by Spencer Shaw
It’s not been the biggest of stories in the media over the last year or so, what with Covid, Scandal and Celebrity, so although you may have missed it, this is a story that has quite significant implications for the Sunshine Coast hinterland. In a few media reports you may have seen or heard about a disease called Bunya dieback afflicting the Bunya trees at the Bunya Mountains National Park (200km west of here and south of Kingaroy). The story goes that over the last few years many ancient Bunya have died and research is being undertaken to confirm the cause and hopefully reduce its impact. You may think, that it’s a shame that Bunyas are dying out west, lucky it’s not happening here, well…
First up let’s get a bit of context. In writing from the Blackall Range (Sunshine Coast Hinterland), I acknowledge the Bunya Country traditional owners, the Jinibara people. The Bunya belongs to this place on a scale of deep time that many of us may find hard to fathom. They have survived on this country since before the age of dinosaurs and although once widespread across Australia they are now found in one fragmented population between here and the Bunya Mountains and an even smaller population at Mt Lewis in North Queensland. Our human relationship with these trees extends back in time for tens of thousands of years as they have been revered and provided sustenance to the Jinibara peoples and their neighbours, especially during the abundance of the Bunya Gatherings. The spiritual and cultural importance of the Bunya to First Nations peoples was defended fiercely during the early days of the British ‘settlement’, so much so that in 1842 the Bunya Proclamation was issued by the Colony of New South Wales (Queensland was yet to be formed), preventing felling and settlement by Europeans in Bunya country, one of the few instances of such a proclamation by colonial authorities to recognise, if not the First Nations peoples sovereignty on their own land, but recognise a forest on that land. When Queensland was made a separate colony in 1859, the Bunya Proclamation was rescinded and well, as they say, the rest is history… Only fragments of this once great forest have survived clearing, by being tucked away in inaccessible gullies and slopes. The Bunya then goes on to become an icon for some European colonists and they have been replanted in paddocks, gardens and more recently in revegetation, here and around Australia and the world. Images of Bunya adorn corporate and community logos around the Blackall Range (inclusive of the towns of Maleny, Montville and Mapleton) making them a unique symbol for our area both ecologically and culturally. First nations people have maintained cultural connectivity to the Bunya throughout this time and shared this culture with the new Australians.
Getting back to where I started and the big story that we should be interested in on the Blackall Range with regards our iconic Bunyas. The research undertaken at the Bunya Mountains National Park into the cause of Bunya dieback is that a type of Phytophthora, a water mould / oomycetes is responsible. Phytophthora lives in and is transported in soil, and through its life cycle damages the roots of trees, eventually preventing the tree from getting any nutrients or water. The initial symptoms of infection are dieback of the tree crown, followed by death of the whole tree over a few months. The species of phytophthora thought to be responsible for the bunya dieback is Phytophthora multivora, which has also caused dieback in the Wollemi pines in New South Wales, and the ancient Kauri in New Zealand. It appears Bunya dieback was introduced into the area by movement of soil, on shoes and or vehicles.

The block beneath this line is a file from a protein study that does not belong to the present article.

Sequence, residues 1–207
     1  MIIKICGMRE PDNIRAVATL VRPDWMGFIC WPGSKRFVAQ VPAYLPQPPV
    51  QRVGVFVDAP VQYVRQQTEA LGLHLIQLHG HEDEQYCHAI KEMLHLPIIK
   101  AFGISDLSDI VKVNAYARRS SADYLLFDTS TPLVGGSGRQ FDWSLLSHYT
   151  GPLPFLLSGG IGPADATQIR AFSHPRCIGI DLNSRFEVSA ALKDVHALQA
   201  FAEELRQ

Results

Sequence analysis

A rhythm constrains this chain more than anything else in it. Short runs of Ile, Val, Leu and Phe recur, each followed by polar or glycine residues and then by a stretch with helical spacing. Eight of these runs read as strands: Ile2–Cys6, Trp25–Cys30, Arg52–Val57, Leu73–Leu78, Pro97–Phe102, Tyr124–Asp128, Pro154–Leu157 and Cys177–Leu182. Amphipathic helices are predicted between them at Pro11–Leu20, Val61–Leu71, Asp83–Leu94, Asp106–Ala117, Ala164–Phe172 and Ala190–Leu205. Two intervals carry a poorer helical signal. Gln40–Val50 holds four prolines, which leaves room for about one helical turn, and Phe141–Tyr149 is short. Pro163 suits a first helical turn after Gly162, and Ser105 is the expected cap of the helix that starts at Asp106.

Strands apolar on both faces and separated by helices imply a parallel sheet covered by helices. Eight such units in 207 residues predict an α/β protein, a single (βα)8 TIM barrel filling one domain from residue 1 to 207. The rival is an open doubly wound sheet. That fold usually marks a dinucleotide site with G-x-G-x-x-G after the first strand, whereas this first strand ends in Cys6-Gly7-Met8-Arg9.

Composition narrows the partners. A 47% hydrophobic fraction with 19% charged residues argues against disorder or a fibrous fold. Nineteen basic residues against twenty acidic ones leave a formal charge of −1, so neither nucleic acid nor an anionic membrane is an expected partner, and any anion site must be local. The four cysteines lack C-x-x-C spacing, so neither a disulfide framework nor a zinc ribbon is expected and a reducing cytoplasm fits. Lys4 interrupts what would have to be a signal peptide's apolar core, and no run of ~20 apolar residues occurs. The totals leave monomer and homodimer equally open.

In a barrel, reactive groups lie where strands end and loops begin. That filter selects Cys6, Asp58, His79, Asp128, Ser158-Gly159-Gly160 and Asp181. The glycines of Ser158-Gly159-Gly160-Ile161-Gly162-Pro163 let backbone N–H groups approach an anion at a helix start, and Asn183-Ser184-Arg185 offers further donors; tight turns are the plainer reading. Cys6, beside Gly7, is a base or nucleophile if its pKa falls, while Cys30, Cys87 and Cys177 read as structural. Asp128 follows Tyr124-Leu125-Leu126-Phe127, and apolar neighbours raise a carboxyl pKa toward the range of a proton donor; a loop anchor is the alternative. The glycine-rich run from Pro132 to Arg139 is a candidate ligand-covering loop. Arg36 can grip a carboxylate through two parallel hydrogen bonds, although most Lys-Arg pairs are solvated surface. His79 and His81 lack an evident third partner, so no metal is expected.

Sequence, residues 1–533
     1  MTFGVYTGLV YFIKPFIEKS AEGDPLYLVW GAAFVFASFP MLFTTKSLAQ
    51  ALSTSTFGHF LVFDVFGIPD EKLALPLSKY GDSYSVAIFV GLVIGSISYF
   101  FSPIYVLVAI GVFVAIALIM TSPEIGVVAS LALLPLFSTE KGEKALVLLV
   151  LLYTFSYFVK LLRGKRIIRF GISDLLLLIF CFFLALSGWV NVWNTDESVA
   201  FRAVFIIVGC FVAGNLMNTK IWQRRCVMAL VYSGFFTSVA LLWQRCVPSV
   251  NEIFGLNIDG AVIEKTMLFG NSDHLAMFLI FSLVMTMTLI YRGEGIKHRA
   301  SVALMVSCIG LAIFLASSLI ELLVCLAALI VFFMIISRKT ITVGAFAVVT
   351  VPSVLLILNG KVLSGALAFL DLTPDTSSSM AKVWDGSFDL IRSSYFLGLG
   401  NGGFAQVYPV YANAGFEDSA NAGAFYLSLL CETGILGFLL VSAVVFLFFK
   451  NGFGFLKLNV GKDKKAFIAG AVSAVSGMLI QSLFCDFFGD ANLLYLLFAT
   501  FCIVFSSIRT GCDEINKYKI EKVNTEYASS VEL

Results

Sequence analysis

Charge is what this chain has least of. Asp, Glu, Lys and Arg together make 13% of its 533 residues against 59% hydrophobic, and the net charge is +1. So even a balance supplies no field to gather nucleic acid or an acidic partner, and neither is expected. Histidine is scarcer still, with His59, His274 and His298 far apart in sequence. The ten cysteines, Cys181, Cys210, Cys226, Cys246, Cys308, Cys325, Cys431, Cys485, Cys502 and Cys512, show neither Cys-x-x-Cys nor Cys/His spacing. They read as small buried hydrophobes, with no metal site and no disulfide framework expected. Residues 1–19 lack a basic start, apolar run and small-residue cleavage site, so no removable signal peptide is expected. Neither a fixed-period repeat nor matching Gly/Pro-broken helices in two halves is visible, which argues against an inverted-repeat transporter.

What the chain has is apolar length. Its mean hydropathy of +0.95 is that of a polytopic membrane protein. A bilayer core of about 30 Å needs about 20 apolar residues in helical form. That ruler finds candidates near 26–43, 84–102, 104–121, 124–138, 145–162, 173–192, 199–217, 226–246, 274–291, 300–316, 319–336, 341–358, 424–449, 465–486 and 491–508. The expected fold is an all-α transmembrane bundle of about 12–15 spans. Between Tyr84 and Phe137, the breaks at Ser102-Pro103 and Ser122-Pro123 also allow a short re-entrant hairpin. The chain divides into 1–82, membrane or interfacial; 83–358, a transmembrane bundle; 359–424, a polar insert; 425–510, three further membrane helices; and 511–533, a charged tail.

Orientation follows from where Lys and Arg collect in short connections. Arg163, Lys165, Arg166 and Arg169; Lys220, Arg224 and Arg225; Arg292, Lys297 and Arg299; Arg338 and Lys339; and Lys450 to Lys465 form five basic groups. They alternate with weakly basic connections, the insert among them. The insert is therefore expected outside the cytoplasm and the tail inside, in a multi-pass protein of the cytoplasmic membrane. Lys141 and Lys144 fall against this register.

Bunya dieback appears to be compounded by a range factors, including drought, temperature rises … climate change. Long wet seasons may be ideal for the spread and infection of this disease and damage to occur and if followed by periods of drought, trees that are damaged may then die.
There are an increasing number of records of Bunyas dying on the Blackall Range over the last few years, so has Bunya dieback arrived here? It does appear our Bunya are also under threat … are we too facing Bunyageddon.
Well without wanting to create a major panic (apart from the invention of the word Bunyageddon!) how can we who are current stewards of this country ensure that these magnificent trees whose origin goes 100’s of millions of years survive into the future.
Here at Brush Turkey Enterprises and Forest Heart ecoNursery we we’ve been proactive in contacting National Parks at the Bunya Mountains to find out more about this disease and its implications both there and here and have supplied Bunya seedlings to the Department of Agriculture and Fisheries for their research into the cause of Bunya dieback … I hope they look after them…
So, what’s the first step in tackling this issue that might be facing us? Well to start off with, we want to raise awareness that Bunya dieback has potentially arrived on the Blackall Range and gather records of Bunya tree deaths, that we can use to help progress the research needed to confirm this. If you have a Bunya death on your property or know of one on public land please email details including your name, contact phone, address, photo and GPS location of tree if available, send emails to firstname.lastname@example.org
Through our production nursery we are also helping with preservation of the Bunya by growing 1000’s in tubestock and larger sized plants to help get more young Bunyas back onto this country. Together let us hope that we all as the current stewards of these amazing trees, can help them to last another 100 million years!